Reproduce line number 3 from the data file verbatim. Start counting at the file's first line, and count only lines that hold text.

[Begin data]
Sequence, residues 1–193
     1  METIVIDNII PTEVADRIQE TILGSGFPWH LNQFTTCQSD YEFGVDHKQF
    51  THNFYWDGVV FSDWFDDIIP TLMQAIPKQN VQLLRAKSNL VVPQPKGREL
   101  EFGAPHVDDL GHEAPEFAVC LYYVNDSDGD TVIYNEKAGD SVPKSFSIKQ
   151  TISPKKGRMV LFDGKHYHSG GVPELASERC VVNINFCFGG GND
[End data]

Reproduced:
    51  THNFYWDGVV FSDWFDDIIP TLMQAIPKQN VQLLRAKSNL VVPQPKGREL